[Another in my irregular series Hodgson’s Choice. Do note that this was first published in the Financial Times in 2013, and that references to ‘recent’ events are no longer all that recent, and that sales prices will have changed a lot. Things change – but one of those which has never changed is my affection for this great series and my undying, greedy wish to own it. Luckily, according my own rules, I do now.]
Some pictures make no sense alone. I have always hotly coveted this series, and wouldn’t want to choose a representative one or two. This is the early (1976) series which contained in germ everything that Cindy Sherman went on to develop. I regard them as more original than the (far more famous) Untitled Film Stills. I love the small size of the prints, the plain rather matt printing, the sheer exuberance of the idea and the craftsmanship it took to carry it out. Yet I have only seen the full series exhibited twice. The great 2006 Sherman retrospective at the Jeu de Paume in Paris had them all in a row. And they were in a recent PhotoEspana in Madrid. The Jeu de Paume was curated by Régis Durand; the Madrid show by Gerardo Mosquera. That’s comforting. It seems that people who really know photographs appreciate these things as I do. The prices suggest a certain number of fans, too.
The young Sherman rode about on public transport, observing her fellow passengers. It might have been a series like several others: grabbed views of people unaware they had been photographed. Walker Evans made such a series starting in the late 1930s. So did Chris Marker in the early years of this present century, adding allusions to paintings as well. But Sherman went to thrift shops and flea markets to find the props and clothes appropriate to the people she had seen, and then acted them out in her (very basic) studio.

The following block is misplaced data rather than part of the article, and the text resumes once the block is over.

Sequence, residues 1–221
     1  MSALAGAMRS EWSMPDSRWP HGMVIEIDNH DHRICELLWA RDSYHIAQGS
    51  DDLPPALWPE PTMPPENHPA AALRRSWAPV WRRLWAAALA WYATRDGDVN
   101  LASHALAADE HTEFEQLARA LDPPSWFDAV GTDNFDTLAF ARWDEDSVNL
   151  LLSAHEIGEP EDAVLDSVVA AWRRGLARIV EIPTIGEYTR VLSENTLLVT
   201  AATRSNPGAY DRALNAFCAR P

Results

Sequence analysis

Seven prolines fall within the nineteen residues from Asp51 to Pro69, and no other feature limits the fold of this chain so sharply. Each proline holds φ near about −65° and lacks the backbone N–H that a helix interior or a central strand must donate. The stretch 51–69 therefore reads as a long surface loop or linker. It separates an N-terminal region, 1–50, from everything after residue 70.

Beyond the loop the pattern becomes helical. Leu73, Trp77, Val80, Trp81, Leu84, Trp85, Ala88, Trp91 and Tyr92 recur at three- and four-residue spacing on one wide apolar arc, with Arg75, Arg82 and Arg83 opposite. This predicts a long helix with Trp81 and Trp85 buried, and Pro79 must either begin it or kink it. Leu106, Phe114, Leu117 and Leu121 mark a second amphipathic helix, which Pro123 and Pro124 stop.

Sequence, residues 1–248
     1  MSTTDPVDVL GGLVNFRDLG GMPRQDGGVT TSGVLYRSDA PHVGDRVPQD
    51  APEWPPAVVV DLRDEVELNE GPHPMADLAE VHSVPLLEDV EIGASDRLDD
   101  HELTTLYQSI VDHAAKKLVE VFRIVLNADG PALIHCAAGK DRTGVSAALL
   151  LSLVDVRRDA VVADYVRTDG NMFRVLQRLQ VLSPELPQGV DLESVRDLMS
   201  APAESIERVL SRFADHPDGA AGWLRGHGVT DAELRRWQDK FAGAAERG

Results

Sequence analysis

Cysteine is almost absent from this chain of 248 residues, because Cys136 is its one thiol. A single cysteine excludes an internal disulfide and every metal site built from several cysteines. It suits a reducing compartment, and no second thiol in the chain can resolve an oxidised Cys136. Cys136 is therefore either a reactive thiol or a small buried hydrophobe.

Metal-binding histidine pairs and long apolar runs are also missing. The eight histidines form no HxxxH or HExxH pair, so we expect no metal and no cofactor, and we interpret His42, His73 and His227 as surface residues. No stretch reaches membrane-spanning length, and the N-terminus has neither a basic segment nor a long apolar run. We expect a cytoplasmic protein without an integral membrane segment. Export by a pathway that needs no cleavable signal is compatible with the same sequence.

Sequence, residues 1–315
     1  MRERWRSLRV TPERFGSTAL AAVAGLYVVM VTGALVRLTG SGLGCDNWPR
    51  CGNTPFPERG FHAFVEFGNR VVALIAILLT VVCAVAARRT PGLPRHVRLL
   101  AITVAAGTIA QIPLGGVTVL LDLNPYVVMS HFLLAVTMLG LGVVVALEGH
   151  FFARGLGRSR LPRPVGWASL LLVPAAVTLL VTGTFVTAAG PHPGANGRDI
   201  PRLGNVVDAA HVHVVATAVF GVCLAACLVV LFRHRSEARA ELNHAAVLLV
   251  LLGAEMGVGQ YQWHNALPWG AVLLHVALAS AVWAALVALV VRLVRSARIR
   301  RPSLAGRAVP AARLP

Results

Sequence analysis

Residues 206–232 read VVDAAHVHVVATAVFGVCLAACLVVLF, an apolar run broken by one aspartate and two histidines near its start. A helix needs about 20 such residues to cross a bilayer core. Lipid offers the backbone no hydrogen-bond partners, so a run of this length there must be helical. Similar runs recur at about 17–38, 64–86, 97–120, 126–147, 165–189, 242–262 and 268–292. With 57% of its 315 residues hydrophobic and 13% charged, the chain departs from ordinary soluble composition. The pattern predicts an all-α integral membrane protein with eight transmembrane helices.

There is a key tension in photography between photographer and subject – the young Sherman immediately took on both. The act of photographing is made plain : we can see the cable-release and the marks on the studio floor. So is the act of being photographed: we see funny looking make-up, hammy costumes, other peoples’ body language. Completely natural poses on a bus look weirdly unnatural without the swaying motion and the jostling neighbours. These pictures are not meant to be recreations of Cindy Sherman’s fellow citizens. The black-face is crude, so is the cross-dressing. They aren’t trying to be ‘convincing’.
The whole adds up to a prefiguring of everything that Sherman has done since, a dense prelude to a lifetime of working with gender and self-perception, and the marks of class and caste. That sounds heavy. It is heavy: they are (already in 1976) perfectly rounded sonatas in identity. But it’s a light series, too. It’s funny and charming and done without an ounce of malice. I could never be bored of these: so much of what makes photography fun is in them.
Good collectors will want the whole series, as I do. Two sets, one of fifteen images and one of twenty – known as Bus Riders I & II. They are in an edition of 20. Be warned: a group of only eight of them sold for $206,500 at Christie’s in New York in May 2011. They can be bought from Metro Pictures, Sherman’s long-term dealer.